IR-2024-98: Dirty Dozen: Taking tax advice on social media can be bad news for taxpayers; inaccurate or misleading tax information circulating

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IRS Newswire April 8, 2024

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Issue Number:    IR-2024-98

Inside This Issue

Dirty Dozen: Taking tax advice on social media can be bad news for taxpayers; inaccurate or misleading tax information circulating

WASHINGTON — On day eight of the Dirty Dozen tax scam series, the Internal Revenue Service today warned about bad tax information on social media that can lure honest taxpayers with bad advice, potentially leading to identity theft and tax problems.

Social media can routinely circulate inaccurate or misleading tax information, where people on TikTok and other social media platforms share wildly inaccurate tax advice. Some involve urging people to misuse common tax documents like Form W-2, or more obscure ones like Form 8944 involving a technical e-file form not commonly used by taxpayers. Both schemes encourage people to submit false, inaccurate information in hopes of getting a refund.

The IRS warns people not to fall for these scams. Taxpayers who knowingly file fraudulent tax returns potentially face significant civil and criminal penalties.

“Social media is an easy way for scammers and others to try encouraging people to pursue some really bad ideas, and that includes ways to magically increase your tax refund,” said IRS Commissioner Danny Werfel. “There are many ways to get good tax information, including @irsnews on social media and from trusted tax professionals. But people should be careful with who they’re following on social media for tax advice. Unlike hacks to fix a leaky kitchen sink or creative makeup tips, people shouldn’t rely on made-up ways on social media to patch up their tax return and boost their refund.”

Warnings against bad advice on social media is day eight of the 2024 IRS annual Dirty Dozen campaign – a list of 12 scams and schemes that put taxpayers and the tax professional community at risk of losing money, personal information, data and more. Started in 2002, the Dirty Dozen is not a legal document or a formal listing of agency enforcement priorities, but the education effort is designed to raise awareness and protect taxpayers and tax pros from common tax scams and schemes, including bad social media advice.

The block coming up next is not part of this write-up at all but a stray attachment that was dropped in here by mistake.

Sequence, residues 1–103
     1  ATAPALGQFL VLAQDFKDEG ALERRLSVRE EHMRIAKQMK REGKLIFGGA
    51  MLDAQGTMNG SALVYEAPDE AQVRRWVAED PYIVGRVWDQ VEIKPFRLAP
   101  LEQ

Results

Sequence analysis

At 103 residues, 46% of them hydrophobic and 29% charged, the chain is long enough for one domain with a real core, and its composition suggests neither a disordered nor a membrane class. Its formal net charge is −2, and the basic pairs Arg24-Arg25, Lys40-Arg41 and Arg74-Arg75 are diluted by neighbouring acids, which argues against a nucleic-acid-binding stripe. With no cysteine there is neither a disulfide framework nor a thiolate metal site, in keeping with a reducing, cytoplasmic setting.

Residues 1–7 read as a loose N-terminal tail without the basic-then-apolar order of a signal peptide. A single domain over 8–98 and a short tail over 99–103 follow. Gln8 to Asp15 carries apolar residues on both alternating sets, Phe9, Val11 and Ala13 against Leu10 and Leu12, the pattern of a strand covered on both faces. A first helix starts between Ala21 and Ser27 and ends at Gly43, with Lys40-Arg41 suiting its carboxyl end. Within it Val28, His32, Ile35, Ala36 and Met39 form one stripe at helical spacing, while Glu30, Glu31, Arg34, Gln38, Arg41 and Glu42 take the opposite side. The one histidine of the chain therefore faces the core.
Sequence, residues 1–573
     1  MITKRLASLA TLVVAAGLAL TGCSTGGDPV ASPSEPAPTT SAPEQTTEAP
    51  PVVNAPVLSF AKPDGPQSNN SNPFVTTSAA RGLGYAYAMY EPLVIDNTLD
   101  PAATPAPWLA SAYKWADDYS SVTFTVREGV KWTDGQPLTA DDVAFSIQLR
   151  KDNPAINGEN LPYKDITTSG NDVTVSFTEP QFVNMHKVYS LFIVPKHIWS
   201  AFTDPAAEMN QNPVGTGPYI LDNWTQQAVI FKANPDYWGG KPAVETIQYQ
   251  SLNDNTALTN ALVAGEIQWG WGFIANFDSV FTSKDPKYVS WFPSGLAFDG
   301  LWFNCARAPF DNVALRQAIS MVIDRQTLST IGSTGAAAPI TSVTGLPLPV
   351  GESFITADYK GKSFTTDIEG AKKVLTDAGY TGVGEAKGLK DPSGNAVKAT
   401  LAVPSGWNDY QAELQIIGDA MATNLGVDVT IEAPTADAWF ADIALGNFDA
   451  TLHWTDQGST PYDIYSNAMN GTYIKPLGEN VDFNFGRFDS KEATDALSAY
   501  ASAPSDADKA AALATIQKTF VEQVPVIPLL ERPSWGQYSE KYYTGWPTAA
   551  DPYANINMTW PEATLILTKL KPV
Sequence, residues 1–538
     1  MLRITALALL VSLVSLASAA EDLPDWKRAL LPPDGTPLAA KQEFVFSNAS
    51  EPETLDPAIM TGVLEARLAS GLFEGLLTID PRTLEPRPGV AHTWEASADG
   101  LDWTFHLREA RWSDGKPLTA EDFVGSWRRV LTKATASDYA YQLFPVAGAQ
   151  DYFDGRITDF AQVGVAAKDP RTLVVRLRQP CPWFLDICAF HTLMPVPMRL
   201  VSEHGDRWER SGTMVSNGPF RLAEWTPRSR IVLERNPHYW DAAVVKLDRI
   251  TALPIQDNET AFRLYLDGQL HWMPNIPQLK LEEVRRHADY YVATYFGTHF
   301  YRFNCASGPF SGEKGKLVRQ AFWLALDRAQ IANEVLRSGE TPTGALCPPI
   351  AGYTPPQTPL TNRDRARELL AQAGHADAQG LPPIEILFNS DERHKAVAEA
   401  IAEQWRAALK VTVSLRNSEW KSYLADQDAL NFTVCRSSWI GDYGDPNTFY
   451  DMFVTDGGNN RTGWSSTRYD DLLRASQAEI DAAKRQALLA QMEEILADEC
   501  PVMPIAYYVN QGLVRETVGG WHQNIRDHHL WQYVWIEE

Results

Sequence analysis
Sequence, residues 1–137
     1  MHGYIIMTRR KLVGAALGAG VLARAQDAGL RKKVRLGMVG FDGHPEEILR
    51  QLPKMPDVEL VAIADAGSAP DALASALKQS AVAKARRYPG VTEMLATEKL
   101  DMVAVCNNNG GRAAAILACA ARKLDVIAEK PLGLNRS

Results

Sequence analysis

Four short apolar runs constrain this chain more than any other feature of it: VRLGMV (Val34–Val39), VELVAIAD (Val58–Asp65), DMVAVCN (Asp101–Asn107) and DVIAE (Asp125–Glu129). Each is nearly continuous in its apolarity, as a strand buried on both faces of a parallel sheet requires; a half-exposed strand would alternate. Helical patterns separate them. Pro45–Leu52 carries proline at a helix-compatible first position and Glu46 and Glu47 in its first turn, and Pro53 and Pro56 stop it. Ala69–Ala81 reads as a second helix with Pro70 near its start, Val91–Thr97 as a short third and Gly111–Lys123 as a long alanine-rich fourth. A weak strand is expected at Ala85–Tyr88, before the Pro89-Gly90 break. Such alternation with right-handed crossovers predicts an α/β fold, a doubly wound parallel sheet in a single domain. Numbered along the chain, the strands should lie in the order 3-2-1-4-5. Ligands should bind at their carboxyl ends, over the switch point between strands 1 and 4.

As a member of the Security Summit, the IRS has worked with state tax agencies and the nation’s tax industry for nine years to cooperatively implement a variety of internal security measures to protect taxpayers. The collaborative effort by the Summit partners also has focused on educating taxpayers about scams and fraudulent schemes throughout the year, which can lead to tax-related identity theft. Through initiatives like the Dirty Dozen and the Security Summit initiative, the IRS strives to protect taxpayers, businesses and the tax system from cyber criminals and deceptive activities that seek to extract information and money, including bad advice on social media.

Social media: Not the ideal place for solid tax advice

Social media can connect people and information from all over the globe. Unfortunately, sometimes people provide bad advice that can lure good taxpayers into trouble.

The IRS warns taxpayers to be wary of trusting internet advice, whether it’s a fraudulent tactic promoted by scammers or it’s a patently false tax-related scheme trending across popular social media platforms. While some producers of misleading content are driven by criminal profit motive, others are simply trying to gain attention and clicks. They will post anything, no matter how wrong or outlandish, if it garners more attention.